Paul Kasmin is honored to present a selection of work from Lee Krasner’s Solstice Series at this year’s ADAA: The Art Show. During the 1980s, Krasner made twenty-one collage paintings that incorporated and re-contextualized fragments of earlier work. Towards the end of her five-decade career, she continued to push the boundaries of her practice with the Solstice Series, revisiting and cannibalizing older works and processes, while demonstrating an acute understanding of language as an integral element of the self.
In conversation with her friend John Bernard Myers, Krasner divulged that Stravinsky’s Rite of Spring was playing through her head while she worked on the Solstice Series. The music prompted her to consider the changing, cyclical nature of the seasons and contemplate her own oeuvre. According to Krasner, “the year is divided into cycles, four seasons, and the cycles recur over and over—endlessly. Yet the weather, even the climate, is never exactly the same. As an artist, I realize I, too, am always the same, and yet I am always different. I change, my work changes—but both remain within cycles that are peculiar to me... I thought of what I was doing, making something new out of the old, as a parallel corresponding to renewal in nature, a reflection of it” (L. Krasner, quoted in E. G. Landau, Lee Krasner: A Catalogue Raisonné, New York, 1995, p. 287). Krasner discovered the word “solstice,” after Myers encouraged her to consult the Oxford English Dictionary. The word is defined as “a turning point, a culmination; it indicates points.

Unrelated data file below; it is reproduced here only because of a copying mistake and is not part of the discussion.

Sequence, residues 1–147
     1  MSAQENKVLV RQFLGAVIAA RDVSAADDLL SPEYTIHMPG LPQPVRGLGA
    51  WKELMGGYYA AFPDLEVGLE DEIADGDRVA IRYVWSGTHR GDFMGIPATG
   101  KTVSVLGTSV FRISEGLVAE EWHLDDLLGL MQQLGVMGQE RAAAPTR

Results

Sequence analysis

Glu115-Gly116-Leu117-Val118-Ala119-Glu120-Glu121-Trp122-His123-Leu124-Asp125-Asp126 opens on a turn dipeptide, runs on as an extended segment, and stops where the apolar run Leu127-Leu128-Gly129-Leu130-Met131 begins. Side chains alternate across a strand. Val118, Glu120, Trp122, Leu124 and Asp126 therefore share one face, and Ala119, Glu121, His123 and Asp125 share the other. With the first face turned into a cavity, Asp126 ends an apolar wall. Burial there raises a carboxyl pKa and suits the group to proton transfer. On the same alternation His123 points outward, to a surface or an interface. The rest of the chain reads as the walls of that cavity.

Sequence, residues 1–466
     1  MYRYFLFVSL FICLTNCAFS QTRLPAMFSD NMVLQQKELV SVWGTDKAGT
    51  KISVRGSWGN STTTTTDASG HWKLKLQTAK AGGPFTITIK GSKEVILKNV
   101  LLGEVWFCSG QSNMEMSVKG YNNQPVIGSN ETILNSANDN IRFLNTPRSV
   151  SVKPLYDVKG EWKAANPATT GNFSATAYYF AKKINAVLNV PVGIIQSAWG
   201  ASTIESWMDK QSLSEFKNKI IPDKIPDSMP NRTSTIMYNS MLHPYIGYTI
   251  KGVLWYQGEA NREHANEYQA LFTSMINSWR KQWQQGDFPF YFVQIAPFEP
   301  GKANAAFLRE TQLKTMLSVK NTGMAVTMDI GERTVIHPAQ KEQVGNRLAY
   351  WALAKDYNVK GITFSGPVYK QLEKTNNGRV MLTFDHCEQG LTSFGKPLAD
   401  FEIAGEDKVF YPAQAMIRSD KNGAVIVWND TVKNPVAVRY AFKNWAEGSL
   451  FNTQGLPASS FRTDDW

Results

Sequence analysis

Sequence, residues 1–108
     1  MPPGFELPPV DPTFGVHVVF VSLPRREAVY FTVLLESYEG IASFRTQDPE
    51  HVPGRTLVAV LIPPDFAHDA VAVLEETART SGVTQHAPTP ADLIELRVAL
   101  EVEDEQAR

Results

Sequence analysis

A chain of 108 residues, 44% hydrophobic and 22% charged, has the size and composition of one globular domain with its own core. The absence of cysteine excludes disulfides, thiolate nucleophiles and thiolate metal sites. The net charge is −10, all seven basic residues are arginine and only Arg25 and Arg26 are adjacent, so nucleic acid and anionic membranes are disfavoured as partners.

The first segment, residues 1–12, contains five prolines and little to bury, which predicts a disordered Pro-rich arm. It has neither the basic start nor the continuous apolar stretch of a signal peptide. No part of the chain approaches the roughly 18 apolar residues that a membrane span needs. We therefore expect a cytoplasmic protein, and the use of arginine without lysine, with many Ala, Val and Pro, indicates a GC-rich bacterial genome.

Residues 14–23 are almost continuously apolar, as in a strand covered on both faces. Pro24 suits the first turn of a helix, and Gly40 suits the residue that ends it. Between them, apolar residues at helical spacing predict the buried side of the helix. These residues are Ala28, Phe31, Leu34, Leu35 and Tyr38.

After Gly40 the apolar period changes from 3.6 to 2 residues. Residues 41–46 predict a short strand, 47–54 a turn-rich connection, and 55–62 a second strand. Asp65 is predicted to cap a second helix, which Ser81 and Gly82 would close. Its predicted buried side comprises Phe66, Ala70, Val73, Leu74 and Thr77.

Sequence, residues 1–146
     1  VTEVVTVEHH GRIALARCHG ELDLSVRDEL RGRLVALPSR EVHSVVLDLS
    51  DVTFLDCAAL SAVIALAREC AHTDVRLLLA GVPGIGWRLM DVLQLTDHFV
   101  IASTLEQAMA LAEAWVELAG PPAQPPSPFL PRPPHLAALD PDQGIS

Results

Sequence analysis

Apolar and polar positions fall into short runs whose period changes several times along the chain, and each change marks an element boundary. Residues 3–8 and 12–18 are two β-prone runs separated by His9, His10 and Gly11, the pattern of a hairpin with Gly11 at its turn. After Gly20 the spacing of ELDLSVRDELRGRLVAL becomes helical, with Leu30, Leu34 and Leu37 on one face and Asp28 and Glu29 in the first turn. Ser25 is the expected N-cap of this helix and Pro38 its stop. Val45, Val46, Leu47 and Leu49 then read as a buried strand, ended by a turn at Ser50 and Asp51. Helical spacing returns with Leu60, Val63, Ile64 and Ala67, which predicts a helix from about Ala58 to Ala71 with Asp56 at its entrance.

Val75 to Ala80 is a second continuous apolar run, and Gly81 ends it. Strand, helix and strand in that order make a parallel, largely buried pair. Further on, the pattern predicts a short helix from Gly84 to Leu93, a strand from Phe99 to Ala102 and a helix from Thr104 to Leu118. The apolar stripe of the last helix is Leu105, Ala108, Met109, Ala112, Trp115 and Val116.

The Solstice Series was first shown in a solo exhibition entitled Lee Krasner/Solstice at Pace Gallery in New York in the spring of 1981. Works from the series have been exhibited in numerous institutions worldwide, including the Art Gallery of New South Wales, Sydney; Brooklyn Museum, New York; Carnegie Museum of Art, Pittsburgh; Houston Museum of Fine Art; Museum Ludwig, Cologne; Phoenix Art Museum; and Seattle Art Museum.